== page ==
What are Trio Programs?
TRiO Programs are federal outreach programs designed to motivate and support students from disadvantaged and first-generation college backgrounds. Middle Georgia Center for Academic Excellence (MGCAE) hosts three of the TRIO programs: Educational Talent Search (ETS), Upward Bound (UB), and Upward Bound Math and Science (UBMS). These three programs assist students in completing their secondary education and successfully transition into post-secondary education.
Who is served?
As mandated by Congress, two-thirds of the students served must come from families with low incomes, where neither parent graduated from college. More than 2,850 TRiO projects currently serve more than 830,000 low-income Americans. There are 49 Veterans Upward Bound programs funded. Many programs serve students in grades six through 12. Thirty-seven percent of TRiO students are Whites, 35% are African-Americans, 19% are Hispanics, 4% are Native Americans, 4% are Asian-Americans, and 1% are listed as “Other,” including multiracial students. More than 7,000 students with disabilities and approximately 6,000 U.S. veterans are currently enrolled in the TRiO Programs as well.
How does it work?
More than 1,000 colleges, universities, community colleges, and agencies now offer TRiO Programs in America, the Caribbean, and the Pacific Islands. TRiO funds are distributed to institutions through competitive grants.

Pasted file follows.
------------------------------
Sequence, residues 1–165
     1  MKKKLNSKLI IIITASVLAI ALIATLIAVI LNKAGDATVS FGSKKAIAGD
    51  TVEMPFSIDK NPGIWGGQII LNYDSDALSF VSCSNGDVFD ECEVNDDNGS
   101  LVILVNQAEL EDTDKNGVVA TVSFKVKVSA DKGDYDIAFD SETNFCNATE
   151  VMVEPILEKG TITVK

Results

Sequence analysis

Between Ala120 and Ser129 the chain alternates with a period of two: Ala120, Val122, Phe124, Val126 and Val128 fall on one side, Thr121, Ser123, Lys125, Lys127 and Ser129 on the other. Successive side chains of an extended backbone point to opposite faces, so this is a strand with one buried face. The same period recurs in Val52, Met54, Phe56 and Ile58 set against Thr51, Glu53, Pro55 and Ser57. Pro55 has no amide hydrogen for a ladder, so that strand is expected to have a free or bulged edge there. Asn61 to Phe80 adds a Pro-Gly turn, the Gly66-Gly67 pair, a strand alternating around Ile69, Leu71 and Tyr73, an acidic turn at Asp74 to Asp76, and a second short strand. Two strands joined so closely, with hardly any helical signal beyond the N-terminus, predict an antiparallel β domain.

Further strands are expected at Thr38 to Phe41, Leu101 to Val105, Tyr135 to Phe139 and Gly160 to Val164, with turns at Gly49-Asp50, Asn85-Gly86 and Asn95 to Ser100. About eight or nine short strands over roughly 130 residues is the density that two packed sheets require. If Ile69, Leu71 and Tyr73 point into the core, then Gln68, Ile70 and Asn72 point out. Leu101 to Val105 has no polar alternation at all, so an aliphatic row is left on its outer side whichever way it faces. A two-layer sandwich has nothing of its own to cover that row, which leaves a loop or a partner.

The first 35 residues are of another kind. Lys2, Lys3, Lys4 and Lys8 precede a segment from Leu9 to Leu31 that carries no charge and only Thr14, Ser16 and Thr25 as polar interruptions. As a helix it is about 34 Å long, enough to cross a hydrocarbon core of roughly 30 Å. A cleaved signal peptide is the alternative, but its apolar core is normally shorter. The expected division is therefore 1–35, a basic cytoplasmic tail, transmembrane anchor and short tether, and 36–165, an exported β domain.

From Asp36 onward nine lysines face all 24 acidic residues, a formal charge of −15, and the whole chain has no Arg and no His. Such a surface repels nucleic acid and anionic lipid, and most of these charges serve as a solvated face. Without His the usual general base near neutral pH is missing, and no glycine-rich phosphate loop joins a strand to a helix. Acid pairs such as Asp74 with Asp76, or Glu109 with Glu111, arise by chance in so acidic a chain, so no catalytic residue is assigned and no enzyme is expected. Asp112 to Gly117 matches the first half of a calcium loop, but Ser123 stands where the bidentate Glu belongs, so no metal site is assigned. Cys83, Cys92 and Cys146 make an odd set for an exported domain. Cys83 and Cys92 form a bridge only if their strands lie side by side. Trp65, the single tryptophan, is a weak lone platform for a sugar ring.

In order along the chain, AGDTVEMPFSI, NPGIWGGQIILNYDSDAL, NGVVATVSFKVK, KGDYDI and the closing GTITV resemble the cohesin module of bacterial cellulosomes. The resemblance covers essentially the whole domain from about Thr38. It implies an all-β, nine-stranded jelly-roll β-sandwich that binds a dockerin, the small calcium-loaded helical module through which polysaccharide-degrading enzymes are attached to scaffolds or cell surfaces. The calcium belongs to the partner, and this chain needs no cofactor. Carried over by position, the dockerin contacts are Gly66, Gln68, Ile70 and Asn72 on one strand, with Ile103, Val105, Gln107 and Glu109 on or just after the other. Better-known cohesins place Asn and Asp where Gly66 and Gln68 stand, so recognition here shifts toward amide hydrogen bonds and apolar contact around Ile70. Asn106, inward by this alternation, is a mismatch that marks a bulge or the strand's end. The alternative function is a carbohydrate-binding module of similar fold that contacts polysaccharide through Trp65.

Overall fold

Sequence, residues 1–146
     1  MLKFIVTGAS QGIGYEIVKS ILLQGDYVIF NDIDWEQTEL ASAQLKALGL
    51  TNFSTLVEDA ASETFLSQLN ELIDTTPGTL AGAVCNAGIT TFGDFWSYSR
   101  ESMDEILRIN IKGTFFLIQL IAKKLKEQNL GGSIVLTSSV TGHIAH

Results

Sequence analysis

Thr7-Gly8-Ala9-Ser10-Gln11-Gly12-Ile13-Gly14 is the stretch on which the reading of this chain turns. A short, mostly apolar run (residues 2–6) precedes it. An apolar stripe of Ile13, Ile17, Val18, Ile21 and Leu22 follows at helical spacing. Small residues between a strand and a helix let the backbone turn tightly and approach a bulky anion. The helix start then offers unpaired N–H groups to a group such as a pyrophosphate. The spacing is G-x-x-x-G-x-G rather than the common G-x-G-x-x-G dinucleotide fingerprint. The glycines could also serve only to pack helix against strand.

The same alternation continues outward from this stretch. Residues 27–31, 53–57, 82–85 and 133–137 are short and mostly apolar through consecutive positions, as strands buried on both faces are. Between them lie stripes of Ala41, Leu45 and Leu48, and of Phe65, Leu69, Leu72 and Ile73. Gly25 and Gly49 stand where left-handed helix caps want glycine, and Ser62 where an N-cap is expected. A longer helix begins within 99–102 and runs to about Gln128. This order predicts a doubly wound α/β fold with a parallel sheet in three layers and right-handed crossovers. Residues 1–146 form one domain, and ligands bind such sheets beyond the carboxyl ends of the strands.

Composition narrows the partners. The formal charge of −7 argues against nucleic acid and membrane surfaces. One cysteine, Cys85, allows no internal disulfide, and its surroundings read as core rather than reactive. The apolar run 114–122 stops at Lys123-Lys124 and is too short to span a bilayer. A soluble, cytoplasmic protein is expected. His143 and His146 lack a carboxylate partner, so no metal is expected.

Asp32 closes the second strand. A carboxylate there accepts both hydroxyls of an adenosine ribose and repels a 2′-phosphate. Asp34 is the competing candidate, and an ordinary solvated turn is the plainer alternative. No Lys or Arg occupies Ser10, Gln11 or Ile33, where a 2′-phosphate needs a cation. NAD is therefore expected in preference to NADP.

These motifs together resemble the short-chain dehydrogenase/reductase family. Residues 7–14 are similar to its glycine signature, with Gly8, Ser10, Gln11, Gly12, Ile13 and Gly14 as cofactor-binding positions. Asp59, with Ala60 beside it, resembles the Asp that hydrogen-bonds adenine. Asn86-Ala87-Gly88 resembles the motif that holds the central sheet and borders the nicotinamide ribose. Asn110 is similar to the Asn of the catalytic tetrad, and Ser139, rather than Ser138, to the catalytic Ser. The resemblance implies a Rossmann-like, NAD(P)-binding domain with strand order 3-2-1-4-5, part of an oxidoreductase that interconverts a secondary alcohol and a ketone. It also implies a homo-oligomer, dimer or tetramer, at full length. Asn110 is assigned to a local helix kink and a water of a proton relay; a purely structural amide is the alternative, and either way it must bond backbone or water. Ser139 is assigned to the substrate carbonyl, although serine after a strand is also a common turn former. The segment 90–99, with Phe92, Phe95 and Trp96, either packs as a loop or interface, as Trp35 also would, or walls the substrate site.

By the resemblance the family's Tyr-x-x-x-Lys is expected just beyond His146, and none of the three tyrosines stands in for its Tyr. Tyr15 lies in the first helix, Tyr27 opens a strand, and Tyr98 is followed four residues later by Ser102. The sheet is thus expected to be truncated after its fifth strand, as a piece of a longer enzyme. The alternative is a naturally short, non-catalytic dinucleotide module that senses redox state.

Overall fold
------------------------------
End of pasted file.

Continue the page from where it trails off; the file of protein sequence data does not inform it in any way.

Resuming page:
Why are the TRiO programs important?
The United States needs to boost both its academic and economic competitiveness globally. In order to foster and maintain a healthy economy as well as compete globally, the United States needs a strong, highly-educated, and competent workforce. To be on par with other nations, the country needs students, no matter their background, who are academically prepared and motivated to achieve success.
The growing achievement gap in our country is detrimental to our success as a nation. There is a tremendous gap in educational attainment between America’s highest and lowest income students – despite similar talents and potential. While there are numerous talented and worthy low-income students, relatively few are represented in higher education, particularly at America’s more selective four-year colleges and universities. While nearly 67% of high-income, highly-qualified students enroll in four-year colleges, only 47% of low-income, highly-qualified students enroll. Even more startling, 77% of the least-qualified high-income students go on to college, while roughly the same proportion of the most-qualified low-income students go on to college. (ACSFA 2005)
Adapted from https://coenet.org/